Escherichia coli may be more capable of becoming antibiotic resistant through evolution than previously thought.
In a recent study, researchers have found that Escherichia coli (E. coli) may have a greater capability to become resistant to antibiotics than previously thought. The international team, led by Andreas Wagner at the University of Zurich (Switzerland), mapped 260,000 mutations in E. coli and found that 75% of all possible evolutionary pathways led to a high level of antibiotic resistance to the antibiotic trimethoprim, which is commonly used to treat urinary tract infections caused by E. coli. This finding casts doubt on current theories of evolution and adaptation.
One technique that researchers use to study the evolution of antibiotic resistance in a bacterial population is to generate a fitness landscape. Fitness landscapes are a visual representation of the fitness of an organism, with each point representing a different genotype and the height of the peak representing how well that organism is adapted to its environment. Ideally, an organism wants to find the best genotype for survival, or the fittest genotype, indicated on the landscape by a high peak.
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Current theoretical models predict that, in landscapes with multiple peaks of fitness, organisms at lower peaks are unlikely to reach peak fitness. This is because it would require the organism to ‘cross’ a genotype of lesser fitness. However, testing this theory has been difficult due to the lack of experimental data.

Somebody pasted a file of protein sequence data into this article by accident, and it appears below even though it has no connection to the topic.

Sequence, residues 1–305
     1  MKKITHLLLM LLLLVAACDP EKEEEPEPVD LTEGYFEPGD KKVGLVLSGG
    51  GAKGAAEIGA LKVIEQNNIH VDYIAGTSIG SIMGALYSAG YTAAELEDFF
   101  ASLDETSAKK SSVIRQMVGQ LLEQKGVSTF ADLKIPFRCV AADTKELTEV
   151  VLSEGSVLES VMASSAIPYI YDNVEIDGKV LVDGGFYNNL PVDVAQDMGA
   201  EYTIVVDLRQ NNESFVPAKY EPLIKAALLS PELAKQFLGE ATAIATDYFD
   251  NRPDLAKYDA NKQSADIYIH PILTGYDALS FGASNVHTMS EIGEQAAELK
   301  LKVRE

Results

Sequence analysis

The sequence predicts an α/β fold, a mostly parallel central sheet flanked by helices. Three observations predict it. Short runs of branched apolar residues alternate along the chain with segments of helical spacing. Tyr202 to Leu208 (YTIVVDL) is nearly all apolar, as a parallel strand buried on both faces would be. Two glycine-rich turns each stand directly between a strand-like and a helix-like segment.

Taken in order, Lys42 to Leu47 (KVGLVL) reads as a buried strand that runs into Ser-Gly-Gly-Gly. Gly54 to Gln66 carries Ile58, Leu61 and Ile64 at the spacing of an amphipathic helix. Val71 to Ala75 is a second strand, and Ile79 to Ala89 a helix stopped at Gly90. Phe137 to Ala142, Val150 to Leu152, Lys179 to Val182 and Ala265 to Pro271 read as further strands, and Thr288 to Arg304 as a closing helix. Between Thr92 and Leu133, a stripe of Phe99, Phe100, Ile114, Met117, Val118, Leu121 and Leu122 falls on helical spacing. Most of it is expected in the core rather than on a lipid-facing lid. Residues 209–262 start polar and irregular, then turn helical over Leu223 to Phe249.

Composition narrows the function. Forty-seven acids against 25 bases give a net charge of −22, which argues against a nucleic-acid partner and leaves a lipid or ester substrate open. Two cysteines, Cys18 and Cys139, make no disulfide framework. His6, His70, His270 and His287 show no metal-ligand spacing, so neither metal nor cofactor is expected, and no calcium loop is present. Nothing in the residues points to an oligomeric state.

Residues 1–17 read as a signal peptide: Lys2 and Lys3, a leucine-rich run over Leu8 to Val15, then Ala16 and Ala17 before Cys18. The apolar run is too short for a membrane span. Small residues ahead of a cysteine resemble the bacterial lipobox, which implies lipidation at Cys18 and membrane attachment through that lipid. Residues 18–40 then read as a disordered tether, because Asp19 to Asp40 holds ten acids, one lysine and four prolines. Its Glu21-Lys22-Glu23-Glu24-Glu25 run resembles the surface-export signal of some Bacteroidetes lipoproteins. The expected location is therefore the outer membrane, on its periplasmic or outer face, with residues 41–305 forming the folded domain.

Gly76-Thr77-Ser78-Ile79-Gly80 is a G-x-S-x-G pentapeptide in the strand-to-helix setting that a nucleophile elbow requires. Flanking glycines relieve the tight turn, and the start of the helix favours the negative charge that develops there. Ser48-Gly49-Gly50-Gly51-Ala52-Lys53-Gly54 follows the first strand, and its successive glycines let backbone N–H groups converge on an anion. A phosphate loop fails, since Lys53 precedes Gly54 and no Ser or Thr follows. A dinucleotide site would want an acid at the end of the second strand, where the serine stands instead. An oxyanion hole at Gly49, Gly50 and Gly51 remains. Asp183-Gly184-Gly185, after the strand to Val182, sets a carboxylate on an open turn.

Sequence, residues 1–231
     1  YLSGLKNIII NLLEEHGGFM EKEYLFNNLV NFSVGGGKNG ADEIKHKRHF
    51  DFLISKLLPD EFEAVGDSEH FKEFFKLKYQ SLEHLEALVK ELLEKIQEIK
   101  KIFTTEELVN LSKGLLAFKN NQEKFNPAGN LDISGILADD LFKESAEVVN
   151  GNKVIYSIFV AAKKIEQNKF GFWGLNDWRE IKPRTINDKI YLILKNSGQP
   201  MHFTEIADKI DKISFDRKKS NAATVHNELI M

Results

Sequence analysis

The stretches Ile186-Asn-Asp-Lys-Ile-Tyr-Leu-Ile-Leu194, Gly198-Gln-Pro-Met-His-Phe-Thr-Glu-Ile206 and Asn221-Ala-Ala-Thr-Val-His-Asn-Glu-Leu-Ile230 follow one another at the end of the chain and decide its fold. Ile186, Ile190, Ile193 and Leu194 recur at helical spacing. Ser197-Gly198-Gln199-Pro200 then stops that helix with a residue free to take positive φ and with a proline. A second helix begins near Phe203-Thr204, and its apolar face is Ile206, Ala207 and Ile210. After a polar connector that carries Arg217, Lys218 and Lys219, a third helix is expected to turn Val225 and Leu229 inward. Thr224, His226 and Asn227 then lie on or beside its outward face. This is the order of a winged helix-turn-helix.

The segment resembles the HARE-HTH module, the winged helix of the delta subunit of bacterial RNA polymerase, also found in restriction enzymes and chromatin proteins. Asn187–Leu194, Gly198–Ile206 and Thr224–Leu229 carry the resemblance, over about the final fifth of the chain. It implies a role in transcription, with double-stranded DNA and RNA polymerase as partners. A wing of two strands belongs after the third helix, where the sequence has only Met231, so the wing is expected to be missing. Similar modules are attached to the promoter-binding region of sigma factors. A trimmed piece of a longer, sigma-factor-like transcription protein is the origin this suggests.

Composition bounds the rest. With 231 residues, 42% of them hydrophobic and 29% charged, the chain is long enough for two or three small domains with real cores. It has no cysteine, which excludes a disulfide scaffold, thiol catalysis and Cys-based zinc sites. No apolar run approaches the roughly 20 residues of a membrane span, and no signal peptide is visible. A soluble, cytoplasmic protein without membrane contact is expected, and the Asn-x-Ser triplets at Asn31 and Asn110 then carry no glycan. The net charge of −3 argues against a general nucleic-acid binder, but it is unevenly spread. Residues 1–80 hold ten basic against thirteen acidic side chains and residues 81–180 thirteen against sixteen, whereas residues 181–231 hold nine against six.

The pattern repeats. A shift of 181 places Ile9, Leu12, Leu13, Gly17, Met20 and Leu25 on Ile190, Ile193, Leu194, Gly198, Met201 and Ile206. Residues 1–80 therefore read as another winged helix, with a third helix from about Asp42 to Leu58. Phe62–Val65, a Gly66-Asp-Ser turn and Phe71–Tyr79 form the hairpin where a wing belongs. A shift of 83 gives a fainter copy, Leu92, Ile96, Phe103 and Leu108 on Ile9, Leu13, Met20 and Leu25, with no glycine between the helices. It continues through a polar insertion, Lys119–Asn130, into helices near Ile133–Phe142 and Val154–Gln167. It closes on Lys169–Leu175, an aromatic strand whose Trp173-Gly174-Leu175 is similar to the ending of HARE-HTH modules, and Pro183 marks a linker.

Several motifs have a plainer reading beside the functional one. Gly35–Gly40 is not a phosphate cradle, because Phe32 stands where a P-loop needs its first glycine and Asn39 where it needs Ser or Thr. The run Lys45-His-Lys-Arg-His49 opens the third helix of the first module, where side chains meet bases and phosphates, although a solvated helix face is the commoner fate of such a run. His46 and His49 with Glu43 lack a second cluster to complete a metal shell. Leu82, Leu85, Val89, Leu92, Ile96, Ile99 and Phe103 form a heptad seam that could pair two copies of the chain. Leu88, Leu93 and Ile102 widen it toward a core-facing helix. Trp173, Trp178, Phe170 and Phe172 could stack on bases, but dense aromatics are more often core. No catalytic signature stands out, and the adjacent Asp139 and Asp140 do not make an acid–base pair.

In the study, the team looked to address this by creating one of the most complete fitness landscapes to date of the gene encoding dihydrofolate reductase, a protein vital for E. coli’s survival and commonly targeted by antibiotics. Using CRISPR-Cas9 gene editing technology, the team created 260,000 mutants by exhaustively mutating sites in the protein known to confer resistance to trimethoprim. Then, by deep sequencing mutants in an antibiotic-containing environment, they were able to identify fitness peaks and the evolutionary paths to these peaks.
The team found that the fitness landscape was rugged, with many peaks of low fitness. Fitness peaks were highly accessible to evolving populations of E. coli by many different pathways; it took surprisingly few mutations to become a high-fitness genotype that granted antibiotic resistance. Overall, 75% of accessible evolutionary pathways resulted in high levels of antibiotic resistance.
“This has profound implications not only in biology but beyond, prompting us to reevaluate our understanding of landscape evolution across various fields,” Wagner said. “We need to shift from abstract theoretical models to data-informed, realistic landscape models.”
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